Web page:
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Midterm 2 notes part 1

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David Brownfield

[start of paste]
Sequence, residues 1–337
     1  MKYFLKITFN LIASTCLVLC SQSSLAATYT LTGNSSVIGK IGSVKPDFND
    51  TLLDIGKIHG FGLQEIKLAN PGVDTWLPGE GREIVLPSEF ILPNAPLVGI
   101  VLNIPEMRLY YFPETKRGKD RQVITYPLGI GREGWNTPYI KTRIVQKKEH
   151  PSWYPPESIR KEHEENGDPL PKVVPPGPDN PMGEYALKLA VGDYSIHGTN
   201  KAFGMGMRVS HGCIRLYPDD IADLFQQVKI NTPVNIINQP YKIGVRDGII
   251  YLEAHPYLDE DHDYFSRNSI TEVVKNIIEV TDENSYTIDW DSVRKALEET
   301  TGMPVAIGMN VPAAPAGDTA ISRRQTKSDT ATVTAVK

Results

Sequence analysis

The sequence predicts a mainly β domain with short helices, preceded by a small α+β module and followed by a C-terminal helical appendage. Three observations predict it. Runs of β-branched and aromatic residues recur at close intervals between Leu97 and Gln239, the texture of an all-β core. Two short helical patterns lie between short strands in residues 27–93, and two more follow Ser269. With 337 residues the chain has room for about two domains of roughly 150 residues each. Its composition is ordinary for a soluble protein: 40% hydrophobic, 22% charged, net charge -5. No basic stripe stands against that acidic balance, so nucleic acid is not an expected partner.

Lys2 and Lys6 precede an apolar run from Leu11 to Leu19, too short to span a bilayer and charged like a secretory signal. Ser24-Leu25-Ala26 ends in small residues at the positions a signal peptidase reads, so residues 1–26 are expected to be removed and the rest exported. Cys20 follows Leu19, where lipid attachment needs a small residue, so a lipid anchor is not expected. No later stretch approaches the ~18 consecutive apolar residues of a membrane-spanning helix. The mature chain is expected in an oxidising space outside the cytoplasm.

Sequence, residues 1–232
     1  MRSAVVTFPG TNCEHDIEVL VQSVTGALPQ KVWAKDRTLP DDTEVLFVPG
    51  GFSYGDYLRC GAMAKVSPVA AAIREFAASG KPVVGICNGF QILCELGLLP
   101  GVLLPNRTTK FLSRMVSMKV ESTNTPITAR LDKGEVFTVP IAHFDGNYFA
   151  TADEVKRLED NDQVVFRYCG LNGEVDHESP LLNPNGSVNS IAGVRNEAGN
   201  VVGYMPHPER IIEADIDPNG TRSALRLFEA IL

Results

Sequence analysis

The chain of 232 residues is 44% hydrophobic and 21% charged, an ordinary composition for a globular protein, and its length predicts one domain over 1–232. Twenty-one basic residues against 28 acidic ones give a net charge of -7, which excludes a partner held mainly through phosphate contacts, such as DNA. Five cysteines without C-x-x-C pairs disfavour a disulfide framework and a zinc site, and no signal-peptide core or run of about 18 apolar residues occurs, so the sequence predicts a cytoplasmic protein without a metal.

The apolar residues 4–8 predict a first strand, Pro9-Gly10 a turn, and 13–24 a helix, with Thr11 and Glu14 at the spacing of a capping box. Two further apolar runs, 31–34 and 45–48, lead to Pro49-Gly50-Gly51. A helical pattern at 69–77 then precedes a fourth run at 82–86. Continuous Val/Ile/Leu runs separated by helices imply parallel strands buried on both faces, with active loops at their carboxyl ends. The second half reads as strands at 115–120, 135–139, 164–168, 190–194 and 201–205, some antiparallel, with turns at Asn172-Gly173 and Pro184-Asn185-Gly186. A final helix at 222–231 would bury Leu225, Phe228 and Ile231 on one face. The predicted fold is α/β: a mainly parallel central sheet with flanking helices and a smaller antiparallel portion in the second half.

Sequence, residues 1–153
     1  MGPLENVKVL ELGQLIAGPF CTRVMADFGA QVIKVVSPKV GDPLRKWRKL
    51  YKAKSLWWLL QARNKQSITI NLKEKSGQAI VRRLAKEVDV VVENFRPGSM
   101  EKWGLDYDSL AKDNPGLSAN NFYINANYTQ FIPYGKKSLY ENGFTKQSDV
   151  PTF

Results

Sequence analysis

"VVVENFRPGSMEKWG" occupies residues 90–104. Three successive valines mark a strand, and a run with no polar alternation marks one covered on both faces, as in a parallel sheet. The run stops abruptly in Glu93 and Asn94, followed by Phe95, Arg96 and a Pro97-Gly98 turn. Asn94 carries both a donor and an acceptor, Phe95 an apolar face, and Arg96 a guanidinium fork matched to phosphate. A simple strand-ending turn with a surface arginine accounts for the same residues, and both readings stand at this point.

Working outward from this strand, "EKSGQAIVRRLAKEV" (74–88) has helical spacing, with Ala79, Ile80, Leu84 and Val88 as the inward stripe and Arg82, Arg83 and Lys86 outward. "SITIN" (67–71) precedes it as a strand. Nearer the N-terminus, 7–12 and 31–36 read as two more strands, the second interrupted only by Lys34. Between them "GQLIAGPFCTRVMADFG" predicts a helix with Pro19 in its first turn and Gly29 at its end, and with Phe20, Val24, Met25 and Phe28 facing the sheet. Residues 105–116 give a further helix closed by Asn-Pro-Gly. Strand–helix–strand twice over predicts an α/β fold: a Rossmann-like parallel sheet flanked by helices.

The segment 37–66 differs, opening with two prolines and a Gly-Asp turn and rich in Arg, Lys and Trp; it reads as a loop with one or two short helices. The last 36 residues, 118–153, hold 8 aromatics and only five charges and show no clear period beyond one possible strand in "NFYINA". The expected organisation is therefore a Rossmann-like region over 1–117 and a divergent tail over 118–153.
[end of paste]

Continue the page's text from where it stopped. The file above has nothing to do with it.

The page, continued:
Midterm 2 notes 25/11/2013 12:56:00 PM Chapter 9: Control Theory by: Travis Hirschi (Socio-psychological) From lecture: Social Control Theory  Human nature is assumed to be guided by instincts (greed, lust, pride)  Deviance occurs whenever society is disorganized, or when there is an absence of social restraints  Motivation to deviate is assumed to be a constant by social control theorist  Instincts or impulses are not the cause of deviant behaviour because all people (including the non-offenders) have these instincts  Social control theorists assume that all people have instincts and the capacity to commit crimes  Hobbes added “reason” to instincts; this gives humans even greater capacity for crime and deviance.  Durkheim believed that rules automatically develop  People accept the rules and take pleasure (or get rewards) for obeying the rules  Durkheim stated that greater strength and power is derived from cooperation  Durkheim argued that societal breakdown is indicated by “anomie” (or the lack of rules)  Ambition must be regulated or controlled; if ambition becomes unlimited, anomie is created  (“People aspire for everything and are satisfied with nothing.”)  Controls or restraints of society regulate individual instincts  Hirschi describes four types of bonds or restraint: Attachment, Commitment, Involvement, and Belief  Attachment is defined as sensitivity to opinion of others (empathy) o Lack of attachment epitomized by the sociopath or psychopath o Terminology like sociopath or psychopath has been replaced by DSM term, “antisocial personality disorder.” Reading Notes: • Focuses on youthful delinquency, age, where most deviant forms of norms occur. • Conforming behaviour is reinforced by individuals’ attachment to norm- abiding members of society, the commitment and investment they have in a legitimate life and identity, their level of involvement in activities and organizations, their subscription to community held beliefs and values characterizing normative society. • People who violate these norms have a flaw in the bonds of society; they can be bought back with reinforcement of the weak bonds. • Control theory assumes the delinquent act results when an individual bond to society is weak, 2 highly complex concepts, and the bond of the individual to society. Elements of the Bond Attachment:  Sociologists say man is sensitive to the opinion of others.  Psychologists emphasize insensitivity to the opinion of others; make it a syndrome or type.  Mental abnormality can be explained by anti-social behaviour, vice versa.  Psychopath example, that lack of attachment is not a symptom but indeed psychopathy and lack of conscience is just another way of saying the same thing; and the violation of norms is (or may be) a consequence.  Impulsivity and aggressiveness can also be seen as natural consequences of freedom from moral restraints.  Such conflict like becoming alienated could easily supply a reservoir of socially derived hostility sufficient to account for the aggressiveness of those whose attachment to others has been weakened.  To violate a norm, is therefore, to act contrary to the wishes and expectations of other people that is, if he is insensitive to the opinion of others—then he is to that extent not bound to the norms, free to deviate.  The essence of internalization of norms lies in the attachment of the individual to others.  There are certain advantages with this view: 1) explanations of deviant behaviour based on attachment do not beg the question, since the extent to which a person is attached to others can be measured independently of his deviant behaviour.  We make the relationship between attachments problematic rather than definitional. I.e.) after a divorce, man is susceptible acts of deviance such as suicide and forgery; when he re-marries we believe he gets his conscience back that he lost before. Commitment:  Few deny men on occasion obey the rules simply from the fear of consequences; we label commitment.  Commitment: defined as the individual’s rational investment in conformity.  The individual’s position in society determines the possible cost of being caught or arrested.  Commitment maybe conceived of as society’s “insurance policy” that we will obey the rules  Person invests time, energy and himself, in a certain line of activity, say, getting an education, building up a business, and acquiring a reputation for virtue.  When he considers deviant behaviour, he must consider the costs of this deviant behaviour, and then he runs the risk of loosing his investment he has made in conventional behaviour.  Concept of commitment assumes the organization of society is such that the interest of most persons would be endangered if they were to engage in criminal acts.  The insurance of society is the commitment that people have built up with reputation, goods, and prospects, so they will abide by the rules.  Most persons are committed to a conventional line of action such as occupational careers or education, and therefore is committed to conformity, thus they would generally avoid deviance. Involvement:  Involvement or engrossment in conventional activates is part of control theory; a person too busy doing conventional activities to find time to engage in deviant behaviour like appointments, deadlines, working hours, schedules, plans etc.  Line of reasoning is responsible for the stress placed on recreational activities to reduce delinquency, like the idea of drafting boys into the army to keep them out of trouble; major deterrent of deviance.  Matza and Sykes explain those who are led to deviance are the ones that are members of the leisure class, and therefore between parental domination and future integration into society, end up committing crime of the leisure of adolescent. Belief:  Defined as the degree to which people have faith in institutions or share in common values.  Control theory assumes the existence of a common value system within the society or group whose norms are being violated.  If a man believes in the rules, he will not violate. However, if he believes the rules he violates, it becomes a norm.  Question is how can one know its bad to steal and still do it?  Two answers: beliefs are merely words that mean nothing without other links or restraints like attachment & commitment.  Second is deviant rationalizes his behaviour. o The strain theory explains the motivation is so strong; that the deviator will still act even knowing it is wrong. o Semantic dementia, the dissociation between rational faculties and emotional control. o The deviant rationalizes his behaviour; still believing it is wrong but able to commit the act. o Sykes and Matza term them “techniques of neutralization” and Cressey calls them “verbalizations.” o Techniques of neutralization occur prior to the commission of the deviant act, if neutralization is successful they are free to commit the act. (ALL CONSIDERED STRAIN THEORIES) o Strain that prompts the effort at neutralization also provides the motive force that results in the subsequent act. o Concept of neutralization assumes the existence of moral obstacles to the commission of deviant acts. o However, many persons feel not moral obligation to conform regardless of personal advantage, and there should be tendency toward consistency, neutralization is unnecessary.  We assume that the beliefs that free a man to commit deviant acts are unmotivated in the sense that he does not construct or adopt them in order to facilitate the attainment of illicit ends.  We assume there is a variation in the extent to which people believe they should obey the rules of society, and, furthermore, that the less a person believes he should obey the rules, the more likely his is to violate them.  Denial of responsibility- one of the techniques described  Forces beyond the individuals control (my parents did not love me, or friends led me astray)  Cressey’s theory of embezzlement: person in a position of financial trust (a fiduciary) confronts a “non-shareable problem”  The fiduciary embezzles to solve the problem, and develops verbalizations to justify the crime. I.e.) just borrowing the money, I’ll pay it back.  Criticism of Social Control Theory: 1. It’s a psychological theory (just recycling Freudian concepts of id and superego. 2. Questionable assumption about human nature (are people pre- packaged as evil or good?) i. Clinard advocates “tabula rasa or blank slate” conception of human nature (social and cultural experiences affect character and behaviour) 3. Lack of empirical support for major elements of the theory i. Involvement concept rarely co